Thursday, 10 September 2009

Al-Qaeda history on Chatsworth Road

Today this piece on the Telegraph website says: "The al-Qaeda recruiting offices were two Islamic shops on Chatsworth Road in Hackney, east London. The first, the al-Koran Islamic bookshop, was run by Mohammed Hamid, who used the nickname Osama bin London and recruited and trained the failed suicide bombers for the attacks of July 21 2005.

"Hamid, who was later jailed for life for soliciting to murder and providing training for terrorism, met Yassin Omar, one of the leaders of the July 21 plot, at his bookshop in 2003. Opposite the bookshop was an unregistered charity called the Islamic Medical Association (Kosovar) run by Mohammed Patel which was used by the airline bombers as cover for their travel to Afghanistan from January 2003."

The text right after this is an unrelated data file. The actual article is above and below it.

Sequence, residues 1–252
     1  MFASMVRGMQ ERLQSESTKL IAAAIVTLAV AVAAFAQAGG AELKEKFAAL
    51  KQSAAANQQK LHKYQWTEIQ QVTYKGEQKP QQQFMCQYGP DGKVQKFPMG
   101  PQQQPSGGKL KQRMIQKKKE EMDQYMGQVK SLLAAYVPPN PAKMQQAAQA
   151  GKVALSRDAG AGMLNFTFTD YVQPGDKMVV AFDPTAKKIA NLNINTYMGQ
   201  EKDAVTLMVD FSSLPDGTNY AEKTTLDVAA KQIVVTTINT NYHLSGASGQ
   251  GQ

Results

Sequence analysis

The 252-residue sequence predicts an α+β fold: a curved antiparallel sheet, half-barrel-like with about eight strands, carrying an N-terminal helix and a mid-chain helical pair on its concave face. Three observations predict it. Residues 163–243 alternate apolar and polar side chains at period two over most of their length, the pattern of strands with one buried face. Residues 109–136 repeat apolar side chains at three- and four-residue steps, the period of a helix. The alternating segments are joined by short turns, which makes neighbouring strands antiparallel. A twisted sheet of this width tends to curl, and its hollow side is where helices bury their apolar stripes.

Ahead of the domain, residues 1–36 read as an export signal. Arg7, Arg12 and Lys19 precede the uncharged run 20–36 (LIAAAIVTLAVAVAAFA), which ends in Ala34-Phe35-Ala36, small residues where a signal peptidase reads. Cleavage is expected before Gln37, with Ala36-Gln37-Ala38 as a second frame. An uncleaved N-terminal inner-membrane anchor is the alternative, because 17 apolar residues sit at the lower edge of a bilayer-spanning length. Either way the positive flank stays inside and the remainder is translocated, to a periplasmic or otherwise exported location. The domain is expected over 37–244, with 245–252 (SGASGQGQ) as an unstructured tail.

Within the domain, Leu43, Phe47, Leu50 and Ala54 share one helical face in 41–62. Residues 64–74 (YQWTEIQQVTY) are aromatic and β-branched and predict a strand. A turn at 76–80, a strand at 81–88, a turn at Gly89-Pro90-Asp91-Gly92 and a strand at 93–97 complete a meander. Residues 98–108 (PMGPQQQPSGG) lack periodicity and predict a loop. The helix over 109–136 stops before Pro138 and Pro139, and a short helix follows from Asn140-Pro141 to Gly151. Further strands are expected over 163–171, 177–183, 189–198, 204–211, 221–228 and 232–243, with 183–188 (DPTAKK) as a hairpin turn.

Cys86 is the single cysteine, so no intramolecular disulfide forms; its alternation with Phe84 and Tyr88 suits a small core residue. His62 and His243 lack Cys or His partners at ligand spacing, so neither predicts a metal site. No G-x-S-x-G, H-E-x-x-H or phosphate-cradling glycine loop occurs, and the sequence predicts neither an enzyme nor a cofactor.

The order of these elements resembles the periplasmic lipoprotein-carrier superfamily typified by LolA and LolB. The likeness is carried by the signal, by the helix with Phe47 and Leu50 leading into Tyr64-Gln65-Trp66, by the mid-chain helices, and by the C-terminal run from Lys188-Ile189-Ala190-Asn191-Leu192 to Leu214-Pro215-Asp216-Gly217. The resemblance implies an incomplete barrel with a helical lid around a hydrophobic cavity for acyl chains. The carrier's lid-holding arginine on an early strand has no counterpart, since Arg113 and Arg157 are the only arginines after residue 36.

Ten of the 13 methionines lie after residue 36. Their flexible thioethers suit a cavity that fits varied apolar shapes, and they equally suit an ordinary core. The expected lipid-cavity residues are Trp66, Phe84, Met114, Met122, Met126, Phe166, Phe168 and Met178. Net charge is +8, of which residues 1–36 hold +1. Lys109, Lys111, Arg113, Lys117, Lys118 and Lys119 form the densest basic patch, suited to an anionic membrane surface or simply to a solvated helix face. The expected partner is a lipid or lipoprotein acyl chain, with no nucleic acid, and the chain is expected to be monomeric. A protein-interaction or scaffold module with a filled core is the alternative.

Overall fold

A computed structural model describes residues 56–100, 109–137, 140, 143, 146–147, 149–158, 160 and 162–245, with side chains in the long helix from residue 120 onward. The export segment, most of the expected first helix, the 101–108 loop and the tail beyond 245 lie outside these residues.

Back in June The Sun reported: Ali said he helped the Islamic Medical Association for up to two years after he was given a leaflet at his mosque.
He said he was joined at its office in Chatsworth Road, Hackney, east London, by co-defendants Ibrahim Savant, Arafat Waheed Khan and Tanvir Hussain.
He added: "They needed volunteers to go to Pakistan and deliver some of this aid and administer it and I volunteered to do that."
The jury was told that Ali travelled to Chaman, close to Pakistan's border with Afghanistan, for several months in January 2003.
Ali said two more co-defendants, Assad Sarwar and Umar Islam, also travelled to Pakistan at this time to help the charity.
He said the camps were "mucky and smelly", with desperate people living in "appalling conditions."

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